Royal Marsden staff on a learning curve – meet our Fellows

We’ve heard from the next generation of cancer specialists at The Royal Marsden about their research and how they are aiming to enhance and refine patient treatment and care.

Funded by supporters of The Royal Marsden Cancer Charity, Pre-Doctoral Research Fellowships allow nurses, pharmacists and other health professionals to carry out a one or two-year research project to deliver improvements for cancer patients.

Read more from them below.

Jurga’s look at ‘chemo communication’

Clinical Pharmacist Jurga McLean is undertaking a two-year fellowship that aims to help improve the way we talk to patients about chemotherapy. Jurga noted that some patients can struggle with taking their oral cancer treatment correctly. She aims to make sure that information about cancer treatments is relayed to patients in a way that they understand.

“Oral chemotherapy is often given in complex regimens, so good communication from healthcare teams is essential to ensure patients receive the best possible results from their treatments,” says Jurga.

A patient sitting in a hospital room talking to two healthcare professionals who are smiling and listening to them intently

“We may see patients for whom English isn’t their first language, or other patients who don’t have the confidence to ask questions if they are unsure about their chemotherapy regimen. We have a diverse population of patients and we want to ensure that information about cancer treatments is relayed to all in a way that they understand.”

“Some patient groups – such as those who are fasting for religious reasons – may also need a specific kind of support from pharmacy teams, so tailoring the chemotherapy information to their needs is important.”

Headshot of a person standing in a room with pharmacy medications filed away in drawers on the wall.

Engaging with patients, pharmacists and pharmacy technicians, Jurga hopes her findings can be incorporated into pharmacist education and help to benefit cancer patients in the UK and beyond.

“I really want to involve patient representatives within my project,” says Jurga, “so we can address their needs, identify any barriers they face and change practice.

Andreia’s research into after-care aid

Andreia Fernandes, who has been the Lead Nurse for Gynaeoncology at The Royal Marsden since 2019, investigated the way patients are monitored following treatment for gynaecological cancer.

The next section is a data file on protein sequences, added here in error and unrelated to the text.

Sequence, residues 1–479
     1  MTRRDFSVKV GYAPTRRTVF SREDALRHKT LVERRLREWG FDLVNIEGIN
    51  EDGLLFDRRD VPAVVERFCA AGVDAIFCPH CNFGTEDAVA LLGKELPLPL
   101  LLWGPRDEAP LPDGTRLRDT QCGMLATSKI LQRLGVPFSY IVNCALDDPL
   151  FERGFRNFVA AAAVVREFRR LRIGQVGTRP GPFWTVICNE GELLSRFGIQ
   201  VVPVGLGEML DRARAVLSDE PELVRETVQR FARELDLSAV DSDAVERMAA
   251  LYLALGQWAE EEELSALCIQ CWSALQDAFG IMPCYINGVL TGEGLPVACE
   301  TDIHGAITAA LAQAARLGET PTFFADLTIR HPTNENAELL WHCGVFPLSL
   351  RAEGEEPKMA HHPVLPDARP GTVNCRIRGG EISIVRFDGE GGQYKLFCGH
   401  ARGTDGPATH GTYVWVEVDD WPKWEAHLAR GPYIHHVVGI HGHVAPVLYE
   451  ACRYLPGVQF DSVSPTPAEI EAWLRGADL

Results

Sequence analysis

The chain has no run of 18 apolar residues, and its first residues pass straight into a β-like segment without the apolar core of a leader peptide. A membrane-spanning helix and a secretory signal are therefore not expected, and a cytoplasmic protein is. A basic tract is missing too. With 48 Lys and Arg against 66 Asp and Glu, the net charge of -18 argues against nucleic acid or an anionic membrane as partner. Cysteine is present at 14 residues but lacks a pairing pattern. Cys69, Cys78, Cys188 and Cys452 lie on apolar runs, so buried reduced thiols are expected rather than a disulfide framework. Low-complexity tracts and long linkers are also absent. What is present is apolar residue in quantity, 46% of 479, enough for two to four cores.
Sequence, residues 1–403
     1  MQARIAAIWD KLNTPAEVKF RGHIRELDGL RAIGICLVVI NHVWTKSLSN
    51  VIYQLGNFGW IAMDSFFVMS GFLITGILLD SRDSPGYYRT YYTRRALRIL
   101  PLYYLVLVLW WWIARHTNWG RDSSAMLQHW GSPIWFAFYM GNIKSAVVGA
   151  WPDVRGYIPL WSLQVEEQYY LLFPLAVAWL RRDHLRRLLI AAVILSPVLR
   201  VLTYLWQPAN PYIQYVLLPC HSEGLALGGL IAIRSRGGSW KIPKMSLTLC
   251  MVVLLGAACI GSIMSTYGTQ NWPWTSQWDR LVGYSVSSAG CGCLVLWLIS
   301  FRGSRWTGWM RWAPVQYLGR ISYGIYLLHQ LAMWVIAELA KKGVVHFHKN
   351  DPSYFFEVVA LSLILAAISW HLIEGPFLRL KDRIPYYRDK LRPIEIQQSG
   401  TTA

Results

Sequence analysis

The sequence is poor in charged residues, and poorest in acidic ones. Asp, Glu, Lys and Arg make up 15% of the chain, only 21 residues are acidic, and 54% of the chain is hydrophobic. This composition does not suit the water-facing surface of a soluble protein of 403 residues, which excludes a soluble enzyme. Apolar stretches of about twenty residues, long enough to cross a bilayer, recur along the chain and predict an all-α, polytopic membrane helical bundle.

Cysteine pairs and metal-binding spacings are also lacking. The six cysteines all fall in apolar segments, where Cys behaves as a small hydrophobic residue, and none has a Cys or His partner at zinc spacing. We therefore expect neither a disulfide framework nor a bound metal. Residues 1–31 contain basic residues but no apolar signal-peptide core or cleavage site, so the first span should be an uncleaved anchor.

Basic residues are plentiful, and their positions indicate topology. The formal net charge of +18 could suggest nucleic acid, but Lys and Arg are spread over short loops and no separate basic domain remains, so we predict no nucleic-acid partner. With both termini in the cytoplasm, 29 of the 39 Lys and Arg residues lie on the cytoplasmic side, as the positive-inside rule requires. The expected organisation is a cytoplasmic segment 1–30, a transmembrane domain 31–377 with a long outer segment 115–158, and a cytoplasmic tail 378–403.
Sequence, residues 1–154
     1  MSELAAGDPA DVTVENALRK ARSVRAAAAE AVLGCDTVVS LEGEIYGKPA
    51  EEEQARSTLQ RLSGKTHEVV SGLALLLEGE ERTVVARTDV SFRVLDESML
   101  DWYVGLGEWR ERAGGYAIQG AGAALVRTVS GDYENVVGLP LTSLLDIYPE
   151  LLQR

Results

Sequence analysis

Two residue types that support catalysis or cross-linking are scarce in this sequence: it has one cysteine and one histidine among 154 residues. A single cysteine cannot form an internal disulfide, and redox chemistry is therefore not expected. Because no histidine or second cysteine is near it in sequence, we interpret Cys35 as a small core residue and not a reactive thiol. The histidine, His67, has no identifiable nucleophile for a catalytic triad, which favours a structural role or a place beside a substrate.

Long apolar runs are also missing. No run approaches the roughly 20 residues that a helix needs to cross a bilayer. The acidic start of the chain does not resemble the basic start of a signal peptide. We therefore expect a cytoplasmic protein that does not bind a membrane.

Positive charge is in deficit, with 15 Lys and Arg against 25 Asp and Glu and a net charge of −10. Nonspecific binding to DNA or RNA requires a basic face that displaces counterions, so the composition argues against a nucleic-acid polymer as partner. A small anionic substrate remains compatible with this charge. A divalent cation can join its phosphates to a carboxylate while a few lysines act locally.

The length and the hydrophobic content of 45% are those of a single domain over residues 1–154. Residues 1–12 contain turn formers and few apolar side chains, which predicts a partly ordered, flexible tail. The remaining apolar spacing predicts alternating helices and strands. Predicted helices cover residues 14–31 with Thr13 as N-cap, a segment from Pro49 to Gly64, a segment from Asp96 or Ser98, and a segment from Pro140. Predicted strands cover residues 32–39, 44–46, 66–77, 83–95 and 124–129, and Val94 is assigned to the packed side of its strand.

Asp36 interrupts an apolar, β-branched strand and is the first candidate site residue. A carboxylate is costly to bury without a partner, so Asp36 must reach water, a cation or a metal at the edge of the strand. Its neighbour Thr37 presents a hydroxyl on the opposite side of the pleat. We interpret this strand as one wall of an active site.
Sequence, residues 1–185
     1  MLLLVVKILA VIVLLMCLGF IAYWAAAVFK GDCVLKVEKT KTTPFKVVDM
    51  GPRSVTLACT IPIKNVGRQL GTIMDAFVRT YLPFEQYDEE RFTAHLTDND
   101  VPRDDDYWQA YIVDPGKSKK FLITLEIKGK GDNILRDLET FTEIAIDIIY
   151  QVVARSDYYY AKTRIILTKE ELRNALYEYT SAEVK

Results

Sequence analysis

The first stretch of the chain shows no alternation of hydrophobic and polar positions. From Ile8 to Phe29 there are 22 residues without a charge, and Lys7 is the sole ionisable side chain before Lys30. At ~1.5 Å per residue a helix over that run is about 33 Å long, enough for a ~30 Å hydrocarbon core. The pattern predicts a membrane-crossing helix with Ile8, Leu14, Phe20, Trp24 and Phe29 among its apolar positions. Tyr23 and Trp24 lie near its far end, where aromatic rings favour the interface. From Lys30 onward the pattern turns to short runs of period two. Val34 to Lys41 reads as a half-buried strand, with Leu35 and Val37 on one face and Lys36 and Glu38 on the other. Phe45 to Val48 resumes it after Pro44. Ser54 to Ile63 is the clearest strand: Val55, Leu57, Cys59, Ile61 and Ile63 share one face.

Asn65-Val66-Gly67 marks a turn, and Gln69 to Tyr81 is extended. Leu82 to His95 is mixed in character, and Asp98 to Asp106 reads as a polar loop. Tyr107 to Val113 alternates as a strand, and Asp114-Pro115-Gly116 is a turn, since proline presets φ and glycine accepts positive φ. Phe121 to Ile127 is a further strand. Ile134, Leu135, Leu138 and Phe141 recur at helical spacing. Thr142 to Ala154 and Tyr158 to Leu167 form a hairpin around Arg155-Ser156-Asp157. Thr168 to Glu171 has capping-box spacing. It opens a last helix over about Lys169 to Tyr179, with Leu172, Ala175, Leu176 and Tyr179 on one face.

Headshot of a nurse wearing a blue shirt and purple lanyard

She captured patients’ lived experiences and reviewed international guidelines for follow-up treatment.

She says: “What I like most about research is how it demands collaborative work by a myriad of experts, including patients, to ensure the success and true impact of a project.”

Andreia will be applying for PhD after finishing her Pre-Doctoral Research Fellowship, which was generously funded by Lady Garden Foundation.

Martin’s Fellowship on pain relief

Martin Galligan completed his Pre-Doctoral Research Fellowship at The Royal Marsden in 2022 on health professionals’ understanding and approach to cancer-related pain.

Headshot of a man in a white shirt and glasses, with a sign behind him that says 'The Royal Marsden School'

This enabled him to embark on a PhD, and he is also a Lecturer Practitioner at The Royal Marsden School, teaching health professionals from The Royal Marsden, other NHS trusts, private hospitals and primary care settings to become advanced clinical practitioners.

He says: “The Fellowship allowed me to immerse myself in my passions, with the aim of improving patient care and surrounding cancer-related pain. I would encourage everyone to think about applying for a fellowship so they can be the change they want to see.”

Machine power: Ailín’s Robotic Surgery Fellowship

Launched in 2017, this fellowship provides the opportunity for surgeons to be trained to operate on patients using the Charity-funded da Vinci surgical robots. This is where a surgeon uses a control console to manoeuvre robotic arms to carry out the surgery, and the fellowship trainees use simulated training consoles.

Ailín Rogers completed her Robotic Surgery Fellowship at The Royal Marsden and is now a Consultant Colorectal Surgeon at the Mater Hospital in Dublin.

A doctor sitting down next to a da Vinci Xi robot, with a team of doctors behind her in blue overalls and masks working robotic equipment

She says: “The Royal Marsden’s robotic programme has made an incredible difference to me. I use the skills I gained to improve the lives of cancer patients across Ireland.

“The programme was really beneficial in teaching me to operate across multiple tumour types.”

Help us train more of tomorrow’s leaders at The Royal Marsden

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